11. Oh my goodness, please write this book! So many have been down that path with addiction and your writing is so compelling, its a story that will resonate with so many! The places and circumstances are different of course but addiction is a nightmare that so many of us know first hand either by our own doing or someone we love. You are a fantastic writer and this is an incredible story.

    • I appreciate that, Amy. Thank you, and I agree… Far too many of us know far too much about addiction. I continue to wonder how new addicts get sucked in when they see what it’s done to others, but drugs have a way of fooling us… We’ll be different. We can stop when we want. When I met my first husband, he would nurse a gin and tonic all night, so to see him go down this road… Thank you, again, for your support. Brenda

  12. Well, how about being a Charles Dickens and write your memoirs weekly or monthly. You can’t leave us wanting so much more. It’s not just about your husband it’s about you. What is that bit about computers? Why 10 breast cancer surgeries? Landing on an aircraft carrier.Your life is like Raiders of the Lost Ark!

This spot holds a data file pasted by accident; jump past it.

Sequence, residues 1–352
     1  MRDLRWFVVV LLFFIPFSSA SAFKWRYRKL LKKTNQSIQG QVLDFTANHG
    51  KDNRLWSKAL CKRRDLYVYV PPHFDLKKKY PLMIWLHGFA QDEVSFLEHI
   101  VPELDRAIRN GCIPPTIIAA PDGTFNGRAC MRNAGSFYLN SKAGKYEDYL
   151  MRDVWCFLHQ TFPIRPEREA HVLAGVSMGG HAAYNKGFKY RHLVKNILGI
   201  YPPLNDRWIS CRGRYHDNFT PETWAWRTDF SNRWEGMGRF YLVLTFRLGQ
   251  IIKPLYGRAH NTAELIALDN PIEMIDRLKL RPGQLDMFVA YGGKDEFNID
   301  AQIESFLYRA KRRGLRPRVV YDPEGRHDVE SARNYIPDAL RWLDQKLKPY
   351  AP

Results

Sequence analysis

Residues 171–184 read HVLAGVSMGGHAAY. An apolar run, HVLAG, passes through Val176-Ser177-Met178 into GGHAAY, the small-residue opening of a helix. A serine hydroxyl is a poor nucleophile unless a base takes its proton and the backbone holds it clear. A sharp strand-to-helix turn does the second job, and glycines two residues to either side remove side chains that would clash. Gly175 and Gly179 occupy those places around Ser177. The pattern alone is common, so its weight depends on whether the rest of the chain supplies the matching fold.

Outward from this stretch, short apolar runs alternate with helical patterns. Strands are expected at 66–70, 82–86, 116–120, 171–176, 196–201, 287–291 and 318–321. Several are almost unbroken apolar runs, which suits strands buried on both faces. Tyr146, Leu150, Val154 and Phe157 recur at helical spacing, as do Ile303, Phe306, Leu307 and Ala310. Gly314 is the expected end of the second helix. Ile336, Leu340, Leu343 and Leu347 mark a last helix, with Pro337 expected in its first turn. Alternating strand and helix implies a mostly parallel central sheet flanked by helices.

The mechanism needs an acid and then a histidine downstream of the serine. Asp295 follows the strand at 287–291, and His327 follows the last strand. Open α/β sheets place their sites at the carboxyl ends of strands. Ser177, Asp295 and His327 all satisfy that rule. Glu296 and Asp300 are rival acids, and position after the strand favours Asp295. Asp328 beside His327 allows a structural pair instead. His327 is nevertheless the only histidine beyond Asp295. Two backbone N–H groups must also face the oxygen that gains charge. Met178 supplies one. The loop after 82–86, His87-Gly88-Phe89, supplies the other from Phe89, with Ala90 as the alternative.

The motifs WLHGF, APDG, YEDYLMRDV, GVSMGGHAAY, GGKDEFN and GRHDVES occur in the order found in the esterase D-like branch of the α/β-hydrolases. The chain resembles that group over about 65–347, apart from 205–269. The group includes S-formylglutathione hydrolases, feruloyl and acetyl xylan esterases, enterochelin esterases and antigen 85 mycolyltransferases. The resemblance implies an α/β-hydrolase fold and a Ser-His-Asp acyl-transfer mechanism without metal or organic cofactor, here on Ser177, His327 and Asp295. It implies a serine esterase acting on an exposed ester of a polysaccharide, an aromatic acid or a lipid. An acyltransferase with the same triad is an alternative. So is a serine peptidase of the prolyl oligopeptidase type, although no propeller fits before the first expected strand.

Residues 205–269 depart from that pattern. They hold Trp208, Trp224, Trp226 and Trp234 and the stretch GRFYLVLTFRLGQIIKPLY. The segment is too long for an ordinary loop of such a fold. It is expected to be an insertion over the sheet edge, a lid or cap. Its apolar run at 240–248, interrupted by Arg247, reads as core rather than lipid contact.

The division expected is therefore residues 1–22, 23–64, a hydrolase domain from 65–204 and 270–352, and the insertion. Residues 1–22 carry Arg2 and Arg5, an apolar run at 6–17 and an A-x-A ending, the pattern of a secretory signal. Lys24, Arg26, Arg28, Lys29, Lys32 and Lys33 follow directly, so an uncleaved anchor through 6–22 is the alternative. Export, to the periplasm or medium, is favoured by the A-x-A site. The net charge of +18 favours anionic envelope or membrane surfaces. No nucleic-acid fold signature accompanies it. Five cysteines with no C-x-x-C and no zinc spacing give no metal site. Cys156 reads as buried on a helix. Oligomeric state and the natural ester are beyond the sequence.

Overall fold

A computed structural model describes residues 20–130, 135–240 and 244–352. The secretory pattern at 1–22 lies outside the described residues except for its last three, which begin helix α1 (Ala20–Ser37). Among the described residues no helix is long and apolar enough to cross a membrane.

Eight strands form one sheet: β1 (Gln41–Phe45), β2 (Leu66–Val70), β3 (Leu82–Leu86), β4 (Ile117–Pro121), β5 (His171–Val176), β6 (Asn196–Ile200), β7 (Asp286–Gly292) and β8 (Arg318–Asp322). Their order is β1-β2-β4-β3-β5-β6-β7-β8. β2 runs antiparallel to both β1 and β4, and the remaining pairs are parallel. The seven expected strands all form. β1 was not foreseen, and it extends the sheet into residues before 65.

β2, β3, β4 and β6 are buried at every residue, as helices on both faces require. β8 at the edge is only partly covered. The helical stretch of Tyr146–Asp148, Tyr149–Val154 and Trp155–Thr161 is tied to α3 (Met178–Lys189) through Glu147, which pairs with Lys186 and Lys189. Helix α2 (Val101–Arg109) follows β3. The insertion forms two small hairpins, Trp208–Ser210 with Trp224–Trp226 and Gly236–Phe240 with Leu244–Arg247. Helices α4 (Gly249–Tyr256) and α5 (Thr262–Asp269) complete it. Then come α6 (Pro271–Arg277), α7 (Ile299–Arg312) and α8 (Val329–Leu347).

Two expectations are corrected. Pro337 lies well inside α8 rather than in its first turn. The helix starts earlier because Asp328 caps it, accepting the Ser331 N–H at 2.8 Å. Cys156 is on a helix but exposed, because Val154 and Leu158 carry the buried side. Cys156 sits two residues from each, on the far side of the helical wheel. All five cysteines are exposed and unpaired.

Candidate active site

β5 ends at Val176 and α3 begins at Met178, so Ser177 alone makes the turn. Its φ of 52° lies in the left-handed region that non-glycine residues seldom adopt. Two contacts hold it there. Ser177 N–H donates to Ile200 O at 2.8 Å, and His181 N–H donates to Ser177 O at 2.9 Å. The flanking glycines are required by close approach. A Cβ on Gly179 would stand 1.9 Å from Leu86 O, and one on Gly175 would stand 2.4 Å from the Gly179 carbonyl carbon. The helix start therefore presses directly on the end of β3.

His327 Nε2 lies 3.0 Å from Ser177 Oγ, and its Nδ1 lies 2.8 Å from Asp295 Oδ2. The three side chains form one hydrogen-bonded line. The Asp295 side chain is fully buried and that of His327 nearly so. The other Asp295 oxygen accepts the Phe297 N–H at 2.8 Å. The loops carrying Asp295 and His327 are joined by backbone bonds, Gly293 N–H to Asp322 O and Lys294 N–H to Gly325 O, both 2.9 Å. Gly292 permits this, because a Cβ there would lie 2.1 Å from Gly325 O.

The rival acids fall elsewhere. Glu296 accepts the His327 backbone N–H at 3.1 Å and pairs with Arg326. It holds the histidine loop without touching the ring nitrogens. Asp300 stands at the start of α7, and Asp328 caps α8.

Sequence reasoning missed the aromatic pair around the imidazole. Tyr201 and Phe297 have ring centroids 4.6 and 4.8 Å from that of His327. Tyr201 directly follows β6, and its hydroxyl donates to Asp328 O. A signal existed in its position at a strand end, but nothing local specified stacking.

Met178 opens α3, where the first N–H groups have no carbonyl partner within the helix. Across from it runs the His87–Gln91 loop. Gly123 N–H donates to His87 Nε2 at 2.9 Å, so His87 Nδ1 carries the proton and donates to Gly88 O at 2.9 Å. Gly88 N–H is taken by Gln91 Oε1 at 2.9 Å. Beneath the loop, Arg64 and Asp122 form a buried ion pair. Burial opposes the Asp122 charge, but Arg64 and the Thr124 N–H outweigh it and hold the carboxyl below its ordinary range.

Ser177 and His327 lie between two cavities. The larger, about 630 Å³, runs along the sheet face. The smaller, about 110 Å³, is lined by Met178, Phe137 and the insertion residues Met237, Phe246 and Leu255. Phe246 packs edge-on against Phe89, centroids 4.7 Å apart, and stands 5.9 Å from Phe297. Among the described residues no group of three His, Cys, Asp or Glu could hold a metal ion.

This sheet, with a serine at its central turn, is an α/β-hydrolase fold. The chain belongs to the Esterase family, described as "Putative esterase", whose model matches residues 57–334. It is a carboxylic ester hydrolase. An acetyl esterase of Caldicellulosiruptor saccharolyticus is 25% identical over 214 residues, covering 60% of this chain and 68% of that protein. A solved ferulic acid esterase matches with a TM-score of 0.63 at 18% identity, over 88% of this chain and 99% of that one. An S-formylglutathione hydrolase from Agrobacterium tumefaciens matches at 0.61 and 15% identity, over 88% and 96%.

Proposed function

Truly you are a gifted writer with a hell of a story to tell. I adore you!

    • Sandra, If I tell this story, I will have to have a total handle on how it’s presented. If I did installments, I wouldn’t have that. It wouldn’t be any different from short, weekly blogs, with much… accidentally left out, but thanks for offering me an alternative. This is a big story… shocking and amazing at the same time! I have to either do it all or nothing, and yes… We were Indiana Jones before there was an Indiana Jones. Thank you for your encouragement and compliments. They are so appreciated. xoxox, Brenda

  13. Brenda, if you ever want to talk about the pros and cons of writing this book, please call me. Not to be entered into lightly. It would be an all-consuming affair. You would be boarding another “train.” But I sure understand the urge. And you have a story, you have the ability to tell a story, I bet you have connections to getting the story in print, you have an audience, and maybe you have the stamina. Now, the fear part, there’s the rub…